Literary works have long been associated with flowers ('anthology' in Greek and 'florilegium' in Latin both mean "a gathering of flowers"), and literary creation and imitation have been associated with bees in Latin and Renaissance literary theory (Virgil, Horace, Seneca, Erasmus, Macrobius, Burton, Ronsard, Montaigne, et al). I have chosen the bee motif for this site because Proust, too, associates bees and flowers with literature. In the opening pages of Sodom and Gomorrah the Narrator compares the amorous scene between Charlus and Jupien to the cross-pollination, nearby, of the Duchesse de Guermantes' orchid by a bee. This is the occasion for some of the most enigmatic reflections in the novel, during which the Narrator states, "j'avais déjà tiré de la ruse apparente des fleurs une conséquence sur toute une partie inconsciente de l'uvre littéraire" (3: 5) ["I had already drawn from the apparent ruse of flowers a conclusion that bore upon a whole unconscious element of literary production"].
In addition, Cocteau writes in Hommage à Marcel Proust, published by La Nouvelle Revue française shortly after Proust's death:
"Ses ruses pour composer son miel trompèrent plus d'un intime. [. . .] Car Proust SERVAIT. Il servait sa ruche. Il obéissait à des lois de miel et de nuit. Le dix-huit novembre, il a quitté son corps sans accepter la médecine, comme une ruche se vide le jour de l'essaimage, en pleine gloire. Il faut y reconnaître, sans le comprendre, un acte analogue au sacrifice des abeilles." (92) [His ruses for composing his honey deceived more than one intimate . [. . .] Because Proust SERVED. He served his hive. He obeyed the laws of honey and of night. The 18th of November, he left his body without accepting any medicine, as a hive empties itself the day the hive swarms and scatters, in full glory. We should recognize this, without understanding it, as an act analogous to the bee's sacrifice.]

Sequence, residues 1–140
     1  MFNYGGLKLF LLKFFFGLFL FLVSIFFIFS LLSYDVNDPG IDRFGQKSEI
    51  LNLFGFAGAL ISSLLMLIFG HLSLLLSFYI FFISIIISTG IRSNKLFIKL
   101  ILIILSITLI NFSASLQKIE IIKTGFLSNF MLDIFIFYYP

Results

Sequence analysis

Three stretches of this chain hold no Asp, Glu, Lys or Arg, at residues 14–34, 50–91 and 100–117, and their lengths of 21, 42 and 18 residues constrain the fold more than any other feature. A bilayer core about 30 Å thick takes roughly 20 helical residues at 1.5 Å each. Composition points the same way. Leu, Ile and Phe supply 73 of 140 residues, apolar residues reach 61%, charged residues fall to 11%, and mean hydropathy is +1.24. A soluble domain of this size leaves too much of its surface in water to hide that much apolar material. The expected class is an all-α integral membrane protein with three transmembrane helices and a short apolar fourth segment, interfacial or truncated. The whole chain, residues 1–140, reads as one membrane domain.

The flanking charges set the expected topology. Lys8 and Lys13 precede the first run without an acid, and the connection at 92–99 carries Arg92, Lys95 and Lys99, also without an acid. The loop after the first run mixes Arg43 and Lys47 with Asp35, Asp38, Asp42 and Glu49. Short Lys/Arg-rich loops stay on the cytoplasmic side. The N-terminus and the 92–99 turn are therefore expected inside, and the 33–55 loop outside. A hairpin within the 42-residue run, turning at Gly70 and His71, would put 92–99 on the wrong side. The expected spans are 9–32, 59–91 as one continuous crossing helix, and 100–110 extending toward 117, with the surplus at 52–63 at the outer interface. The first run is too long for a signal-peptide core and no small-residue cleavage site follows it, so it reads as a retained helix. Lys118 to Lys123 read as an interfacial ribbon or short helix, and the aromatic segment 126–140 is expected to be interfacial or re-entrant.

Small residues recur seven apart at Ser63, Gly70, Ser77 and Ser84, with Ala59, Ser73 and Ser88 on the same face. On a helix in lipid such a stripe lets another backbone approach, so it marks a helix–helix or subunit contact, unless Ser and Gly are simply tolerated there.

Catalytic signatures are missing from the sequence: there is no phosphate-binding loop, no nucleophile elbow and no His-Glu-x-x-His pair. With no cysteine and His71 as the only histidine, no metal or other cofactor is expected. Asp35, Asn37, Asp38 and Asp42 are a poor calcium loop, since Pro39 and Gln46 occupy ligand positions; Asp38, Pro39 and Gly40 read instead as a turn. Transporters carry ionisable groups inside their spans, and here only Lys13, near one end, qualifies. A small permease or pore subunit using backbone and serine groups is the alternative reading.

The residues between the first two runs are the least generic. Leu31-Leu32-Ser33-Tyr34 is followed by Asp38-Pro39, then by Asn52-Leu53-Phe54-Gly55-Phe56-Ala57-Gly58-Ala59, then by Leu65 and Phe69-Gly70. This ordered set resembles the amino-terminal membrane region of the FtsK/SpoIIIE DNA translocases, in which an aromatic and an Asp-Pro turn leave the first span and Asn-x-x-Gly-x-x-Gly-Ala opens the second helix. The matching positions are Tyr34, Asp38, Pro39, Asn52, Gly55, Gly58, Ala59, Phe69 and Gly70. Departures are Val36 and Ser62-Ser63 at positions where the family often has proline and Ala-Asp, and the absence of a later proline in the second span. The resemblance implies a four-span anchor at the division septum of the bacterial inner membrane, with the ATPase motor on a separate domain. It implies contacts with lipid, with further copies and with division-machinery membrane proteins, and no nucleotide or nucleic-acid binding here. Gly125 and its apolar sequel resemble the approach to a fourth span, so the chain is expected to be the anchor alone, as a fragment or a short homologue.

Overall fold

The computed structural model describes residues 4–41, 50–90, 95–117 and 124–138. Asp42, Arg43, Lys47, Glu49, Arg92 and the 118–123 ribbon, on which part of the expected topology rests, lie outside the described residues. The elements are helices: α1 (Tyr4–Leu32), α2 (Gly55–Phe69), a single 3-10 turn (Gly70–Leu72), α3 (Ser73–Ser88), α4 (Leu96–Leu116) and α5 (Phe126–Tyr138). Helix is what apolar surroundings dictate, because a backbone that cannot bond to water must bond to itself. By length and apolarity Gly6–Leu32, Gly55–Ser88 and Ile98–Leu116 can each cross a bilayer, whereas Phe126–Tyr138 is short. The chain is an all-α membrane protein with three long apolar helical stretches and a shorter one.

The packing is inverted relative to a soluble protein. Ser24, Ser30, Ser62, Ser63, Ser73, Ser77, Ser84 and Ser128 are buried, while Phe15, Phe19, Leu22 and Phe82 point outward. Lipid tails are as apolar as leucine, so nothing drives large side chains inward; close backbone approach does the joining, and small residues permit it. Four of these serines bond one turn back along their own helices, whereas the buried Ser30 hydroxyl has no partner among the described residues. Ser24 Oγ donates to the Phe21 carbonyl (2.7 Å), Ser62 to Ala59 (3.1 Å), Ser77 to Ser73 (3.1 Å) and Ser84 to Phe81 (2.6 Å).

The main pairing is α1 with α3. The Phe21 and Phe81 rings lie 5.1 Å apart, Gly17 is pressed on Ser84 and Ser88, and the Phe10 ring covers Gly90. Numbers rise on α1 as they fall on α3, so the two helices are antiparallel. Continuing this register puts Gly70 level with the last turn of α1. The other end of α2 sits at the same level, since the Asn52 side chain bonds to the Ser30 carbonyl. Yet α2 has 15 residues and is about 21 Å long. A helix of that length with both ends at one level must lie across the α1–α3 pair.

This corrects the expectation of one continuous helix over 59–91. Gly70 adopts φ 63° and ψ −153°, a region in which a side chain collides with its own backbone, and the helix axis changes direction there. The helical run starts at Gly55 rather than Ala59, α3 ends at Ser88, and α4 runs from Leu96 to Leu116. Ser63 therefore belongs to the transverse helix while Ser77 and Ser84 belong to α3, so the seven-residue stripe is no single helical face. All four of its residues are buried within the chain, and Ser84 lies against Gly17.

In The Image of Proust Walter Benjamin picks up on Cocteau's assertion and states that "from the honeycombs of memory [Proust] built a house for the swarm of his thoughts" (203).
Mark Calkins © 2009
Page last updated: May 25, 2005